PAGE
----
Dessert Economics

Growing up, my family rarely went out to dinner due to financial constraints, and if we did for a special occasion, we never ordered dessert. My father believed desserts were a waste of money, and my mother didn't have much of a sweet tooth.

Pros and Cons of “The Uber for Housecleaning”

Lydia DePillis at the Washington Post wrote about the new "Uber for home cleaning" companies like the one I used this week. This one focuses on Homejoy, and smartly discusses a lot of the pros and cons.

Starving on Campus

College students are known for being broke, heavily in debt, and surviving off of instant ramen, but there is also an invisible population of students who have "food insecurity"—not having enough to eat on daily basis. These students are often hidden because they feel ashamed about their circumstances.

How to Make Sure You Do Not Lose Your Job to a Robot

The WaPo writes that ethics are going to be in high demand, and that robots might not have the ethics we need to solve the complicated problems of the future, like "should we program robots to make unethical decisions so that we can maintain superiority over them and keep our jobs."

Dinner Reservations: Out

Ooh-hoo-hoo, Tom Sietsema, food critic for the Washington Post, heartily bemoans the waning number of restaurants that accept reservations:

‘Dad’s Resume’

Here is an excellent piece in The Washington Post looking at an opening of a new plant in Ohio, which is looking to hire 40 people and give them a decent salary plus benefits, and how difficult it is to find the right people for the job despite a slew of resumes arriving.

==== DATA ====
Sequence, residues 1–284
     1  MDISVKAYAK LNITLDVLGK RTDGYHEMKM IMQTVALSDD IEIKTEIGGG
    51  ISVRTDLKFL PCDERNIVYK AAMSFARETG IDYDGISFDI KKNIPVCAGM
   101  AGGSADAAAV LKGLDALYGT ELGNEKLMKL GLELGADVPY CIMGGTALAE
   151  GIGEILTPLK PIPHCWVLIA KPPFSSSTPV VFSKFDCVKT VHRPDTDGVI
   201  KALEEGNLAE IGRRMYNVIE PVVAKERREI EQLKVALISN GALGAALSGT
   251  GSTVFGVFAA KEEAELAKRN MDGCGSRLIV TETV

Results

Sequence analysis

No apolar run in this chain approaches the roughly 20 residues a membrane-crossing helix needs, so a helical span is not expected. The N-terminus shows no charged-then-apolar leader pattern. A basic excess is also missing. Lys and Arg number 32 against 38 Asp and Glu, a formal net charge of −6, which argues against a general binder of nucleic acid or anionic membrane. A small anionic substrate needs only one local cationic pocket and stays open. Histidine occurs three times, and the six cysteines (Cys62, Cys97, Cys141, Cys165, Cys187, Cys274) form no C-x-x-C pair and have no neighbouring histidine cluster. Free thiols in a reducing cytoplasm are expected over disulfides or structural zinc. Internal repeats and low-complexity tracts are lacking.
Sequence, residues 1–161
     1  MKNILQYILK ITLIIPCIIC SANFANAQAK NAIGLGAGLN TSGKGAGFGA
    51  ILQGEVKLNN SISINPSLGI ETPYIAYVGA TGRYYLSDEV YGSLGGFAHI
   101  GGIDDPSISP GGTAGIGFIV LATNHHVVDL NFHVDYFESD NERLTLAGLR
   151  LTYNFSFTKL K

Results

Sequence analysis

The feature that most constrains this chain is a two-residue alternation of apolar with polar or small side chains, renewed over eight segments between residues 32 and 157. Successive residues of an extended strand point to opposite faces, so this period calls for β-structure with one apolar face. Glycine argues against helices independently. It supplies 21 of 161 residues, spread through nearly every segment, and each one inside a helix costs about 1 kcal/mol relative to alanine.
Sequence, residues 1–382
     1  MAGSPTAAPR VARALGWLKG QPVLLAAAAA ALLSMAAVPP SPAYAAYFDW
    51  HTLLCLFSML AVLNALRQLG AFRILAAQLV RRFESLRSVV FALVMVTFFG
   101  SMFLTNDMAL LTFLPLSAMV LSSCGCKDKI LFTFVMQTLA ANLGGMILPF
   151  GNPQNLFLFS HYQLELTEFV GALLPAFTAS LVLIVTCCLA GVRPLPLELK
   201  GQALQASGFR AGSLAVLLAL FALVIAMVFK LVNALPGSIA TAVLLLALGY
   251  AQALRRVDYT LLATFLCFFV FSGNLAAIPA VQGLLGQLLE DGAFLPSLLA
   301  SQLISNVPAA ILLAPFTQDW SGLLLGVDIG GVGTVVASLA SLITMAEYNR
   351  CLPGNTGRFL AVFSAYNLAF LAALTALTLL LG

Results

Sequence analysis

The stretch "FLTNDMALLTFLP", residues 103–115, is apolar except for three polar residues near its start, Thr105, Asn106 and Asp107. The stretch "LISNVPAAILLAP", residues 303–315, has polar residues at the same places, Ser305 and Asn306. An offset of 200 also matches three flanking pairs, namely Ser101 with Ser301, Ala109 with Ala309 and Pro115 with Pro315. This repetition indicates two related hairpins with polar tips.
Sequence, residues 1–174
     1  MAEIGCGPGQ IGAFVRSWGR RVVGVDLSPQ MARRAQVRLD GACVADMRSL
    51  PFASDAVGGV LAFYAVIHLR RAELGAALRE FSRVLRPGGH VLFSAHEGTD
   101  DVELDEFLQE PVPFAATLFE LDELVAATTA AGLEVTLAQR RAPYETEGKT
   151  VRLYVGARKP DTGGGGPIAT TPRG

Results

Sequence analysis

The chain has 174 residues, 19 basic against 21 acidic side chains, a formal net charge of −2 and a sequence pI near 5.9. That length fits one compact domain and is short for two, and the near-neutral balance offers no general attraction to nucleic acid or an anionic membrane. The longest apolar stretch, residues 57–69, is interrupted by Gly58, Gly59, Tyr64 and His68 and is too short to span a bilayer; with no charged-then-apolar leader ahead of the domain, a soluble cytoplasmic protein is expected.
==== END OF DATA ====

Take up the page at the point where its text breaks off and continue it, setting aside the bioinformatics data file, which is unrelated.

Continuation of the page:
Transitional Furniture

Raise your hand if you've ever owned a Lack coffee table from Ikea. Keep your hand raised if your Lack coffee table was passed on to you from a friend, or found on the street, or bought for $10 on Craigslist, where you are bound to find pages and pages of Lack coffee tables for sale.

The New SATs

The Washington Post reports that a preview of the new SAT test is out and it actually sounds kind of better?

When You’re the Know-it-all at Work

What do you do if you’re afraid that you’re coming off as a condescending know-it-all at work? Should you try to act “dumber”? Karla Miller who runs @Work Advice at The Washington Post says know-it-alls shouldn’t act dumber—they should be “strategically generous”:

They ask questions instead of spitting out answers: What do you think? Does anyone have a different idea? What if we tried this instead?

They recognize that everyone has a contribution: Great point, and I’d like to build on that by adding … Let me defer to Eloise on that topic.

They dissent politely: I see where you’re coming from, but I think …

They acknowledge vulnerabilities: I sometimes struggle with expressing myself tactfully.

They apologize as needed: I’m sorry, I didn’t mean to be brusque.

They laugh at themselves: Whoops, I had a Sheldon Cooper moment there. Bazinga!

At a previous job, someone who built a reputation for being a know-it-all and interrupting colleagues at work was simply told, “Stop interrupting people while they’re in the middle of talking—it’s rude.” He apologized, and consciously made an effort to stop himself from correcting people while they were talking. It’s the thought that counts.